The plastic will form instantly, but it doesn't hurt to keep the vacuum on a little longer: sometimes freshly formed plastic can warp. It's always better to err on the side of caution in this case.

I) Look over your plastic copy. Is it what you wanted? Are some details in the middle unclear? If they are, consider drilling small holes where the unclear details are, so that more vacuum will be applied to them. You will have small inward dots, but they can be filled with Bondo during the sanding and painting process.

What is great about male mold vacuum forming is the smoothing effect it has. Since the greatest detail in on the inside, some roughness will not come through to the outside.

If you want, you could use a mix of wood, plastic, modeling clay and so on to make your master, and if the master is reasonably uniform, your copy will look good.

Female mold vacuum forming is a slightly different approach. Generally, what I have done is make a vacuum form box for a female mold project, and duct tape the female mold to it.

Basically, you start out with a master to make a mold from. You can use various materials to copy your master. I have heard of concrete being used. I use plaster. You need to build a box around your master to hold the plaster. I glue the master down onto a smooth backing. The master must be flush with the backing: no undercuts.

You will want to paint your master and box with some form of mold release. I put a bar of soap into some water and let it soak until I have a thin, milky liquid. I use that to brush the master and master box. This is allowed to dry.

Mix your plaster: 2 parts plaster to 1 part water. On one vacuum forming project, I had to use a great deal of plaster. No utensils were big or sturdy enough to mix it. So I had to use my arms and hands. And I quickly learned that in cases like that, it's best to use warm water.

Pour the mixed plaster over the master. Level off the top of the plaster, so it will fit on the vacuum box easily.

Why not simply pour some plaster into a box and push the master down into the plaster? Because bubbles rise in plaster. By casting upside down, if there are any air bubbles they will rise away from the mold. In fact, you can borrow a method used by cake makers: if you are confident that your master and master box are secured, you can bounce it up and down with the plaster, to help bring any bubbles to the top. I have heard of a simple vibrating device that will also do the job.

Wait a day or two for the plaster to dry (this is actually longer than it needs, but it's better to be safe than sorry). Unmold the mold from the master.

Look over your female mold: are all of the details there? Did the mold flake off at any fine detailing? A friend of mine had a simple philosophy in the case of mold damage: never redo anything, no matter how much damage. He would always find ways to repair the plaster molds he made. He used such things as styrene, bits of wire, Bondo and so on to repair his molds. And he always got them to work.

Never be afraid to do some cutting, sanding, or even minor replastering to improve your molds. When your mold is satisfactory, you need to drill holes in so the vacuum can pull the plastic through the mold. If you are making a simple bubble shape., one hole in the bottom of the bubble will suffice. Generally, the less holes, the better. Areas of detail would be improved by drilling a hole by them. I recommend a 1/16" carbide reinforced bit.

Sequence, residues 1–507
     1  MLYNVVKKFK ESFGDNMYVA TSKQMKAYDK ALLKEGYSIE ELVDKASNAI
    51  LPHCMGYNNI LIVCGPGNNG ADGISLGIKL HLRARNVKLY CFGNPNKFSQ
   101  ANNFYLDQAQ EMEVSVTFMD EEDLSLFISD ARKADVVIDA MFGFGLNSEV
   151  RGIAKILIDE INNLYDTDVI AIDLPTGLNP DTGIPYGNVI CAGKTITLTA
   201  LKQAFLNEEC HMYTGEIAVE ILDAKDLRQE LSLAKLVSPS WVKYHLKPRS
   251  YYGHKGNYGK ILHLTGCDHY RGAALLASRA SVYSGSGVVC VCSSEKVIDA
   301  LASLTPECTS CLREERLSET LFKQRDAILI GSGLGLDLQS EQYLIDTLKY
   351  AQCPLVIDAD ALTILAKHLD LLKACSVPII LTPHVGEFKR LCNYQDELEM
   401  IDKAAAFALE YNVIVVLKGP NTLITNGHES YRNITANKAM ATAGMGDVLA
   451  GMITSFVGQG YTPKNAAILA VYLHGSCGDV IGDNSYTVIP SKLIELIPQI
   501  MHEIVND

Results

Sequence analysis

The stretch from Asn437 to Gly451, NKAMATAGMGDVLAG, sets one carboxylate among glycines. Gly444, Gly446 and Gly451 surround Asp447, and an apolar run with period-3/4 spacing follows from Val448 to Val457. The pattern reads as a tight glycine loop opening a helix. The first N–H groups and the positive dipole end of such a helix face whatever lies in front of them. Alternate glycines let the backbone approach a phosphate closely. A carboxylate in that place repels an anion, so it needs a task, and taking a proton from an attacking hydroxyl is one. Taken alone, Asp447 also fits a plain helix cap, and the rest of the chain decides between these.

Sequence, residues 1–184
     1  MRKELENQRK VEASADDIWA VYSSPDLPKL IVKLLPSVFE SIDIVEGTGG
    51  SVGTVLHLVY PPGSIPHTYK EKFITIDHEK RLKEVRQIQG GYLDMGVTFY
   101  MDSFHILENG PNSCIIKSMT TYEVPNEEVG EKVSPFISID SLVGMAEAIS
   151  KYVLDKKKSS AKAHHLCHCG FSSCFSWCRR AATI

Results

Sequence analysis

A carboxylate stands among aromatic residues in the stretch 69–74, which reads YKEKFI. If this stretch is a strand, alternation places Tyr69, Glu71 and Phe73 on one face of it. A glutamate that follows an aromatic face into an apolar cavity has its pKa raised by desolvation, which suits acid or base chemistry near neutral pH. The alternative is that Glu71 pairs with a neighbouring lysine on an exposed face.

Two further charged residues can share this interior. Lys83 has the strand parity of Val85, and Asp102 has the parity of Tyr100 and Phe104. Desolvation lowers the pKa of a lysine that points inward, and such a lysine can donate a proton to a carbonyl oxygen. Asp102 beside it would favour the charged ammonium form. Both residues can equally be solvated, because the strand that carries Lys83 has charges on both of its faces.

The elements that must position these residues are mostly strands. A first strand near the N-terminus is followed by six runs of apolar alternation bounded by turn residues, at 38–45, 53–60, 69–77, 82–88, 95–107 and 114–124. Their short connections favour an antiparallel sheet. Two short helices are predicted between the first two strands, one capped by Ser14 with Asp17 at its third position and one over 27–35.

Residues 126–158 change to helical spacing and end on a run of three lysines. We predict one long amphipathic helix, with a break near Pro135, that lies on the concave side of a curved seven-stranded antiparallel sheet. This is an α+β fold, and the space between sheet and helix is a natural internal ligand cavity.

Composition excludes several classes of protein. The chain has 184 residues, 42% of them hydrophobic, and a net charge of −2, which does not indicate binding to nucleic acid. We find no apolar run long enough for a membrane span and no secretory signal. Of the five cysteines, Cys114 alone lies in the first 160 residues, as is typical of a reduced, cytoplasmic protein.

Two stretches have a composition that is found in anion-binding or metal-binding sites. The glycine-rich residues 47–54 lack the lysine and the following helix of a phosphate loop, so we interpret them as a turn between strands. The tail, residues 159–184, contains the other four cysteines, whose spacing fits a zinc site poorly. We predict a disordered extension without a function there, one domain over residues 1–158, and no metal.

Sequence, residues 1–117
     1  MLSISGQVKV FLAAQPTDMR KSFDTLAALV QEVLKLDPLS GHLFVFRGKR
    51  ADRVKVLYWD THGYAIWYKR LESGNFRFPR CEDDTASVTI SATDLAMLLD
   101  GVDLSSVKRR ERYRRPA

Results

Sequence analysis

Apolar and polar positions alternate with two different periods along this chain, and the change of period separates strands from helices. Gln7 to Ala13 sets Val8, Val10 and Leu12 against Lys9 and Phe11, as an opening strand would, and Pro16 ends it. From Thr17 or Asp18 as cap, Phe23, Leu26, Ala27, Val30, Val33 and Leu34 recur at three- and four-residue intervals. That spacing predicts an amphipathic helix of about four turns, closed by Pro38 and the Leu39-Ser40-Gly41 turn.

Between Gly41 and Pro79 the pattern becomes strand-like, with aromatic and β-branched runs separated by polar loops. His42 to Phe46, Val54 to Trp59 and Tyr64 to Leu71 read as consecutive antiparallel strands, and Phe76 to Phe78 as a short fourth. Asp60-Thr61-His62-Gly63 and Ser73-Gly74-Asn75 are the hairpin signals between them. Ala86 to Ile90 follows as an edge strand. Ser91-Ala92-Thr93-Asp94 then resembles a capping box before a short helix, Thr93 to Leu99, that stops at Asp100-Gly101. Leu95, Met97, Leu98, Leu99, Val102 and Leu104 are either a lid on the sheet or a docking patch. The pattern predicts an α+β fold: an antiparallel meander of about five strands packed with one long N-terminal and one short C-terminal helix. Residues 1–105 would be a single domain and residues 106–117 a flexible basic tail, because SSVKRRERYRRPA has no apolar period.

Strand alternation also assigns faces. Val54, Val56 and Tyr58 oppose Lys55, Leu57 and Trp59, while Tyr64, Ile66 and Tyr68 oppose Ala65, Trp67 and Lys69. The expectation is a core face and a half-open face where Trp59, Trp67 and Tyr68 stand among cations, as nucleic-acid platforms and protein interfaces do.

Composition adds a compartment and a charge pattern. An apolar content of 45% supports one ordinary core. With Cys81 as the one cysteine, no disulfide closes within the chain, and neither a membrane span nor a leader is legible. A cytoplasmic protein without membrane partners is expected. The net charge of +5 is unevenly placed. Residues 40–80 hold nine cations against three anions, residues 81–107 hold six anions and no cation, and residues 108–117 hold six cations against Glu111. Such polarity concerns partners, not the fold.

One time I had to drill holes that were deeper than the bit I had. I just got some wire, and hammered it into the holes from the top. This sometimes made the holes larger on the bottom, but since that has no contact with the plastic, that was not a concern.

J) You will need to make a raised ridge on your plaster mold, to seal it. Generally, I would make a square mold, and put sheet styrene, cut in strips, around it. As in male molding, the strips should be continuous. Inside of the strips, all around the mold, drill holes so the vacuum can make the seal.

Put your mold on top of your vacuum form box. Seal it with duct tape or whatever, so air does not escape.

At this point, the instructions are the same as for male mold vacuum forming.

Some clever variations:

You can use the above to make windows, or clear RC auto bodies, as well. Just ask for clear vinyl in the .030" size. Clear vinyl is a true joy to work with, especially in the smaller sizes: when heated, it turns cloudy-- but when it is hot enough to mold, it turns clear again.

If you have an area that does not produce the detail in the mold, all is not lost. Keep the plastic in the frame and on the mold. Apply a heat gun to the difficult area, and either turn on your vacuum, or rub over it with your gloved hand--or both.

A heat gun is excellent for heating small vacuum form projects. I made 1" domes using a small mold and a heat gun as the heat source. The heat gun was applied to the plastic in a circular pattern until the proper droop was attained. Then the vacuum cleaner was turned on, making an excellent copy.

Books on the Subject:

Do It Yourself Vacuum Forming for the Hobbyist (Vacuum Form Press).

Click here to order this book

A winner! More than you will ever need to know about vacuum forming. I had been vacuum forming for several years, and I learned a lot of new tricks form this book. Covers mainly male mold vacuum forming. My favorite vacuum forming trick from this book: making a flip top vacuum form with an electric frying pan.


The Prop Builder's Molding and Casting Handbook (Betterway Press).

Click here to order this book

This book is great! It not only covers vacuum forming (and how to make your own two foot vacuum form machine), it covers molding and casting methods with the usual materials (resin, RTV rubber), as well as obscure casting/molding materials such as silicon caulk, hot glue, water putty, and so on. A must!

Plastic and Plastic Supplies:

Any city of any size will have several plastic suppliers. In the St. Louis Yellow pages, for example, the list of plastics suppliers goes on for several pages.